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    Use of trim tabs bayliner 285-gctid398473

    I have a 2011 Bayliner 285 with the extended swim platform. With 3 adults on board I have not been using the trim tabs to trim the boat and find at 3800 to 4000 rpm boat appears to be trimmed or I think it is.

    Is this what others are finding or do you use some trim to bring the bow down. I read somewhere that using the trim tabs creates more drag and reduces fuel consumption but also know if not trimmed properly fuel consumption is reduced.

    #2
    I almost always use tabs to get up out of the water, even lightly loaded. It'll just get up quicker regardless of the circumstances. On plane, the point where you should be trimmed at is where you get the most speed per given rpm in normal conditions. That's what I do, other than for weight distribution issues. My boats a 2655, but I beleive the same principle applies. On several occasions I've notices a 1 or so mph increase in speed from putting the tabs down some. Also depends on seas where it'll do best.

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      #3
      DRIVE TRIM

      You TRIM the drive up or down bringing the the bow up or down. You want the the bow up a little for speed, down a little to smooth the ride. Start with the drive all the way down and then adjust up in short bumps.

      TRIM TABS

      You adjust the Trim Tabs to level the boat Port to Starboard depending on wind and weight distribution. A little goes a long way.

      Before I had a trim tab indicator I would always bring both tabs all the way up and then bring one or the other down in small increments/bumps so I could keep track of where they were at. Having a trim tab position indicator makes it a bit easier.
      Jim McNeely
      New Hope a 2004 Bayliner 305 Sunbridge Express Cruiser
      Twin 5.7s with Bravo2 drives
      Brighton, Michigan USA
      MMSI # 367393410

      Comment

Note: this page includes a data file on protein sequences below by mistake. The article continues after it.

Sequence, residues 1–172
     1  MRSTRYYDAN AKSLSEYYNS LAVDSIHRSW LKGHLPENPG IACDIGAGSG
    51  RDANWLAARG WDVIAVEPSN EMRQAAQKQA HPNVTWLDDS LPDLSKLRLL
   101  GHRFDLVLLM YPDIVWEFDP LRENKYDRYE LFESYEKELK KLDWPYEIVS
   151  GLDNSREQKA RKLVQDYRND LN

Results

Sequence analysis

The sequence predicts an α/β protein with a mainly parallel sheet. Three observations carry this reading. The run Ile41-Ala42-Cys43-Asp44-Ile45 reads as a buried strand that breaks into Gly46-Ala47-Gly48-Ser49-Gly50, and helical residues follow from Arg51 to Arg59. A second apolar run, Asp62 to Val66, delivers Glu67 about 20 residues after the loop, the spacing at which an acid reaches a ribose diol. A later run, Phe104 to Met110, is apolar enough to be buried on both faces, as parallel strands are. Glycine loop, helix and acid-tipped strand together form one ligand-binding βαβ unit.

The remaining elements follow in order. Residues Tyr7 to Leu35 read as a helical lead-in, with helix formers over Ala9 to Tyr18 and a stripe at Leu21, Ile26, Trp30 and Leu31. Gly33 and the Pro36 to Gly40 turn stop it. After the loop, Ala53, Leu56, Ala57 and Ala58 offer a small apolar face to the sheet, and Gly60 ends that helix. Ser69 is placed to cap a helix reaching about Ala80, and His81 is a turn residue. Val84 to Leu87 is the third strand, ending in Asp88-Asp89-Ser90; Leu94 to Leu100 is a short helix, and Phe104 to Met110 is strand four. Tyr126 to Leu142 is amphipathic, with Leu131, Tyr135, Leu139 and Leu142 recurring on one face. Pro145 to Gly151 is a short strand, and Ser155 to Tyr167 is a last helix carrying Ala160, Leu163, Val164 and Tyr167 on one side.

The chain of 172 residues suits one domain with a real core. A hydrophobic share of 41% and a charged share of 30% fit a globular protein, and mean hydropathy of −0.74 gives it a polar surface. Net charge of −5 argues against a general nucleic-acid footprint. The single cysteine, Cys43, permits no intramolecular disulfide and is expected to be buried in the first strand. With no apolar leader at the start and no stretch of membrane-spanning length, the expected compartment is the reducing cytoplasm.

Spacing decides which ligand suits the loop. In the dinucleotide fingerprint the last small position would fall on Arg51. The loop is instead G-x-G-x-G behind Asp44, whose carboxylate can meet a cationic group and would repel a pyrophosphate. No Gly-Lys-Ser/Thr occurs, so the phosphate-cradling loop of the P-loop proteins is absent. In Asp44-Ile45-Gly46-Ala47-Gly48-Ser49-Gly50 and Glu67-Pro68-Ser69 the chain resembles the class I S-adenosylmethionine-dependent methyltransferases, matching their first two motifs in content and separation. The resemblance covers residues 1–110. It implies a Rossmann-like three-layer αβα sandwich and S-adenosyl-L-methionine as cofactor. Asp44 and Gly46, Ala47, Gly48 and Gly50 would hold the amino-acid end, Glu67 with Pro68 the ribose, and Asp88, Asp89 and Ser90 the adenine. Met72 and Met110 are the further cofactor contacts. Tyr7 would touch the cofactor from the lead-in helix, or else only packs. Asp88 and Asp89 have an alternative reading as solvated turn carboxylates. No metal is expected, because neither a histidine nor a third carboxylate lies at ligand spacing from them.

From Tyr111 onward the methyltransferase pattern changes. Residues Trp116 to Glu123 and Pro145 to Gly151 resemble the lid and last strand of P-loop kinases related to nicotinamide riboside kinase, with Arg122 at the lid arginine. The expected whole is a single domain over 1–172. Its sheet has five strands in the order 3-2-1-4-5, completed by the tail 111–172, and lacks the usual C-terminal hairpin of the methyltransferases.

#4
        barclam wrote:
        I have a 2011 Bayliner 285 with the extended swim platform. With 3 adults on board I have not been using the trim tabs to trim the boat and find at 3800 to 4000 rpm boat appears to be trimmed or I think it is.

        Is this what others are finding or do you use some trim to bring the bow down. I read somewhere that using the trim tabs creates more drag and reduces fuel consumption but also know if not trimmed properly fuel consumption is reduced.
        I assume you mean fuel economy aka miles per gallon.
        Jim McNeely
        New Hope a 2004 Bayliner 305 Sunbridge Express Cruiser
        Twin 5.7s with Bravo2 drives
        Brighton, Michigan USA
        MMSI # 367393410

        Comment


          #5
          What Jim said. I get up on plane with trim all the way down. With only 2 onboard, I usually have the tabs all the way up. With more weight, I'll usually put them down to help the boat get on plane.

          Once up on plane, at around 3600 rpm for 2 of us, 3800 or so with more people, I'll raise the outdrive up about about 5 clicks. With it all the way down and on plane, the motor/outdrive seems to "growl". Raising it up (which raises the bow slightly) smooths out the sound from the rear of the boat. Go too far up, and it starts to "growl" again.

          Once the trim is set, I'll usually drop one or the other trim tab to level the boat out (left to right). It's seems quite sensitive to a side wind or current, and wants to lean. Just a little bit of tab levels her out.

          If driving through pounding waves (not often), I'll drop both the trim tabs to drop the bow to smooth the ride out a little.

          Paul
          2008 Rinker 330 EC
          Twin 350 MAG Bravo 3
          2007 285 (sold)
          350 Horizon Bravo 3

          Comment


            #6
            JimMc wrote:
            I assume you mean fuel economy aka miles per gallon.
            Hello Jim

            Getting late. Your right, I should have said not being trimmed right increases fuel consumption or reduces mpg.

            Comment


              #7
              Spyderweb2 wrote: